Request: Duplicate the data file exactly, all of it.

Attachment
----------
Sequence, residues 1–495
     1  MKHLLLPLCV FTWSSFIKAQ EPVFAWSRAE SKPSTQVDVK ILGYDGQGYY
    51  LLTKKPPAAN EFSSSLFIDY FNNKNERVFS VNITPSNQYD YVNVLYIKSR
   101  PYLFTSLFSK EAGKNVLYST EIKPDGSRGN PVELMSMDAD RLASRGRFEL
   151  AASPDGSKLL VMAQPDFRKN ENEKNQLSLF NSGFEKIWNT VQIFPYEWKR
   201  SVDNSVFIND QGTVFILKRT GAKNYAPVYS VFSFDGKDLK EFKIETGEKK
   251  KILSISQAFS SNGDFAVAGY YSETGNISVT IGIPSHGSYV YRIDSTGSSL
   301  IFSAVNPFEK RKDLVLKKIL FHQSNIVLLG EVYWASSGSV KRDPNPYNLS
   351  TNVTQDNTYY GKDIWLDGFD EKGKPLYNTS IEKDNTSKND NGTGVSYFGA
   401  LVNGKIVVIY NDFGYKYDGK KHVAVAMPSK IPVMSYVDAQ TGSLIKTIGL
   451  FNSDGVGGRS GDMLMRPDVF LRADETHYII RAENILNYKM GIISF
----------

Sequence, residues 1–495
     1  MKHLLLPLCV FTWSSFIKAQ EPVFAWSRAE SKPSTQVDVK ILGYDGQGYY
    51  LLTKKPPAAN EFSSSLFIDY FNNKNERVFS VNITPSNQYD YVNVLYIKSR
   101  PYLFTSLFSK EAGKNVLYST EIKPDGSRGN PVELMSMDAD RLASRGRFEL
   151  AASPDGSKLL VMAQPDFRKN ENEKNQLSLF NSGFEKIWNT VQIFPYEWKR
   201  SVDNSVFIND QGTVFILKRT GAKNYAPVYS VFSFDGKDLK EFKIETGEKK
   251  KILSISQAFS SNGDFAVAGY YSETGNISVT IGIPSHGSYV YRIDSTGSSL
   301  IFSAVNPFEK RKDLVLKKIL FHQSNIVLLG EVYWASSGSV KRDPNPYNLS
   351  TNVTQDNTYY GKDIWLDGFD EKGKPLYNTS IEKDNTSKND NGTGVSYFGA
   401  LVNGKIVVIY NDFGYKYDGK KHVAVAMPSK IPVMSYVDAQ TGSLIKTIGL
   451  FNSDGVGGRS GDMLMRPDVF LRADETHYII RAENILNYKM GIISF